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The coronavirus has changed everything for all of us, and the stories of the first responders and the countless heroes on the front line who are fighting this pandemic never cease to inspire us. But we wanted to do something – anything – to help. But what?

FREE For Educators

So, when educators reached out to us to see if we could provide online resources, telling us they found our print materials (and especially our book) engaging and educational, and their students found it fun and relevant, Black immediately said, "Yes." And when they asked the cost, Black (as the business half of Red & Black), replied without hesitation, "Free."

FREE For Parents

Red knows what it's like to have kids not only home from school, but bored and looking for something to do. She also knows never to tell them something's "good for them." Feedback we've gotten from parents is they've found Red & Black and our assortment of materials provides them with something they can use with their kids or, even better, do together. Plus, parents like that it's engaging and relevant yet requires no prior knowledge or advance preparation (unlike trying to help your kids with algebra).

Want More Information?

To learn more about our free, fun, and easy-to-use resources, including chapter-by-chapter PDF's of our bestselling book (intended as the basis of a sitcom when it was launched by Neiman Marcus, it was approved by the Texas State Board of Education as a textbook!), please go to the resource page we created For Educators.

Underlying photo by Alleko on iStock

Your stomach starts to growl, and you look at your watch, calculating how many more hours you have to endure before you can eat because, simply put, you’re hungry. Or, you can set aside the minor discomfort, appreciating that it’s a small sacrifice to make while you reflect on the past year as Yom Kippur, literally meaning the day of atonement, is a day for reflection, repentance, and forgiveness. And a promise to do better.

When we first ran the post below, it was looking back at a speaking engagement we did in 2014, but this year it’s about doing a repeat performance for Rabbi Scott. The High Holy Days, culminating with Yom Kippur, are about making fundamental changes – or at least adjustments – to how you live your life. And although it’s a spiritual journey, there’s no reason this year’s promise to be a better person can’t start by learning with laughter (and the rumbling of an empty stomach).

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I know that Yom Kippur isn't exactly known as one of the "fun" Jewish holidays, but every year I can't help but laugh at what's easily my number one Yom Kippur memory.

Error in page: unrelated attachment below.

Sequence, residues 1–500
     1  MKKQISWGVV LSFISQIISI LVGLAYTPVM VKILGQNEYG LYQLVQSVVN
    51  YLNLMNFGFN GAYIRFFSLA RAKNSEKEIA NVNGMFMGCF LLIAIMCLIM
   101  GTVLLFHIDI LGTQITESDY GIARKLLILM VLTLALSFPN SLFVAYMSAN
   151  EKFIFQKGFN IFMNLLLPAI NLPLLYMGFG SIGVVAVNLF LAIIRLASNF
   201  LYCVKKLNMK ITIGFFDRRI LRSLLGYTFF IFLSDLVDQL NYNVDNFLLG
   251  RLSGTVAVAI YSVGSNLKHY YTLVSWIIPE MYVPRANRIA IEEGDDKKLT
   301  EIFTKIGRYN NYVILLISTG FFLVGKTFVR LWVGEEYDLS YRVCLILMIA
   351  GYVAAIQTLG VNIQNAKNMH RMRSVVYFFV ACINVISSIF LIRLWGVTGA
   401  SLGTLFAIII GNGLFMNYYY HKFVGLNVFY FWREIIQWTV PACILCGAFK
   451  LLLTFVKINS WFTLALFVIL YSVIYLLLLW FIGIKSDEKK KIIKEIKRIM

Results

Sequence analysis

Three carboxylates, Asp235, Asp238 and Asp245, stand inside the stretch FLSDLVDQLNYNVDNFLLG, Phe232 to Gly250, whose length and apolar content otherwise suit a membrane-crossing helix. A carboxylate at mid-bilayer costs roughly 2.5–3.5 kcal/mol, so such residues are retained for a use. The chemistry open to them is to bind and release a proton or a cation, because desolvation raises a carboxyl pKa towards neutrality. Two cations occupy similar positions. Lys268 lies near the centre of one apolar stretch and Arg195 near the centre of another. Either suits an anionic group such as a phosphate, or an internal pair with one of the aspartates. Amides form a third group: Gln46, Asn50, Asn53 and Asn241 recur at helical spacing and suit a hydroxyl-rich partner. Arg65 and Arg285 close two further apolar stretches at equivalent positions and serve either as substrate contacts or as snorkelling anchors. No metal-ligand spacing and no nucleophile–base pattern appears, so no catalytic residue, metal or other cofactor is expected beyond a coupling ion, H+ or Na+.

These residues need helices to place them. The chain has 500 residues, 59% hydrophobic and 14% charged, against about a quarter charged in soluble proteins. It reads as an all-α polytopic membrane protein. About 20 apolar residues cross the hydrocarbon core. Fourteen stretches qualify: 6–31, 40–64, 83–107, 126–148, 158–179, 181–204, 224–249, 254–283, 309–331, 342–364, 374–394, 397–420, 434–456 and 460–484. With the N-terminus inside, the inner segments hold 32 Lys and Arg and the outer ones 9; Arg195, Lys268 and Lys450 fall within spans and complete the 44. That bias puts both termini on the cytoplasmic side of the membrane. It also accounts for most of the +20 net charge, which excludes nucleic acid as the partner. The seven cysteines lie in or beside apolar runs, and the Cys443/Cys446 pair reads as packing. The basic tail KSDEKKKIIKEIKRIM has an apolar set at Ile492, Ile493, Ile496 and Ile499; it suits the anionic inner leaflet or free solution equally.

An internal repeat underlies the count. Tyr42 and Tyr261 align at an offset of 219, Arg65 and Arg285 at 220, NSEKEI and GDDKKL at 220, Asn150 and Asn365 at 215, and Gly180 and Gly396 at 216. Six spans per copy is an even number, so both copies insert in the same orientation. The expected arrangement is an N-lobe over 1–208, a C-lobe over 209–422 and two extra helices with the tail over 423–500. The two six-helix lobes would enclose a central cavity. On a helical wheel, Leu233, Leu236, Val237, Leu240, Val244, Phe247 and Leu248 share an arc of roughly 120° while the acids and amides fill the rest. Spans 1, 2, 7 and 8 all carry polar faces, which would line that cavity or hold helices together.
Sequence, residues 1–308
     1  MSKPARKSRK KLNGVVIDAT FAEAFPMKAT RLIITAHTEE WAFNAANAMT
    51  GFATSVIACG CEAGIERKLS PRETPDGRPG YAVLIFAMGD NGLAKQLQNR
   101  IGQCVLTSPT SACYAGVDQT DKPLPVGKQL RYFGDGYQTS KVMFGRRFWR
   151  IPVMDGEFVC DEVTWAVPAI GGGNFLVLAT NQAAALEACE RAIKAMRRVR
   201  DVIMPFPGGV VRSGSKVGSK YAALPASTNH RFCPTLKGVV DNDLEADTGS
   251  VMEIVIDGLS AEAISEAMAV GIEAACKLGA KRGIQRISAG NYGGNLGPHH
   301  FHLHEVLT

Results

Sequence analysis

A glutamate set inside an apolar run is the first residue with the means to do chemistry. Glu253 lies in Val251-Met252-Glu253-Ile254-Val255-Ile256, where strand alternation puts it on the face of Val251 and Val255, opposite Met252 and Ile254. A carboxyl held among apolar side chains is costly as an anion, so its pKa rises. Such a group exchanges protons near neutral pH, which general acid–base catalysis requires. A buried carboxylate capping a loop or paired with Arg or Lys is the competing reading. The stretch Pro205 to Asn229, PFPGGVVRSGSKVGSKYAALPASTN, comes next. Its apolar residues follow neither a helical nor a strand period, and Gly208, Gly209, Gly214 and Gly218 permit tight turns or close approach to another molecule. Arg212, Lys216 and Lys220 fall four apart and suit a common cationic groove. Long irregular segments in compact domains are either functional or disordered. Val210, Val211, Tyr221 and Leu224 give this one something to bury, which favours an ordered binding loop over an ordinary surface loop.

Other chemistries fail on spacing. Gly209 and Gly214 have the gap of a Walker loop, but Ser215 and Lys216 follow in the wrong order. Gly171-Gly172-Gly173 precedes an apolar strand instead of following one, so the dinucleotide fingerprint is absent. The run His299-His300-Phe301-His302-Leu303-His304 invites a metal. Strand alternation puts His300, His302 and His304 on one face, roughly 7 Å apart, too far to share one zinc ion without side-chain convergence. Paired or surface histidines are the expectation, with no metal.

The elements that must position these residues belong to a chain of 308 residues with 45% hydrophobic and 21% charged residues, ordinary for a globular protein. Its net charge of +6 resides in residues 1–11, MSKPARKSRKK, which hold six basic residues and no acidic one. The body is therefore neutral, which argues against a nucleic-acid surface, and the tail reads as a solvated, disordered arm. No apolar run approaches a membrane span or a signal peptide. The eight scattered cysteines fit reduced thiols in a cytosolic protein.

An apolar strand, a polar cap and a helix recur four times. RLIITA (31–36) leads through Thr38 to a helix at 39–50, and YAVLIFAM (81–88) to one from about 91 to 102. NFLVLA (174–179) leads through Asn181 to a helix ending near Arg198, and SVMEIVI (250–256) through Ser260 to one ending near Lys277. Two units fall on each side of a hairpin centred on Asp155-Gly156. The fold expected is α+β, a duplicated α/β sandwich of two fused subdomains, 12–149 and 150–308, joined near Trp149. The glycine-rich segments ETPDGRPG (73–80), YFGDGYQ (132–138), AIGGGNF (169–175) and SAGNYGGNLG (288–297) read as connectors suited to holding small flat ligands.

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That is what makes memories … memorable. And, finding something to laugh at on Yom Kippur, the Day of Atonement, which is probably the most important and solemn Jewish holiday, would be memorable.

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I can't believe you're not even curious what it is!?
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What can I tell you? When I was a kid, one of my all-time favorite things to do was … clean the toilet. Yes, you read that correctly. And it wasn’t because I was a germophobe or a clean freak. I just loved being able to sit on the floor, using as much Bon Ami (I’ve no idea why I remember the brand) cleaning powder as I wanted. And the best part? All those bubbles!

It kept me entertained for hours. Not to mention, my mom was thrilled because it kept me “contained” and out of her hair. So much so that if I was very good and behaved myself, she might even give me “special permission” to clean the toilet in my parent’s bathroom. Of course, Black, being five years older and understanding the situation, found it all extremely amusing. Even now, decades later, she still gives me grief about it,

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Photo courtesy of Red

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I know that you’ve been involved with Make-A-Wish for decades, and it’s an amazing organization, but I’m not sure why you made such a big deal about the recent Texas Gulf Coast & Louisiana chapter ’s dedication of its building. I appreciate that you were part of the planning group, but with all due respect, it’s just a building.

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I don’t expect you to remember that it all started in 1980 when Tommy Austin wanted to do something special for a young boy, Chris Greicius, who was battling leukemia and wanted to be a policeman. That wish became a reality and the start of The Make-A-Wish Foundation.

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That story has always inspired me as it makes you realize the difference that just one person can make. But the building wasn’t named after Chris or Tommy, so I’m still confused.
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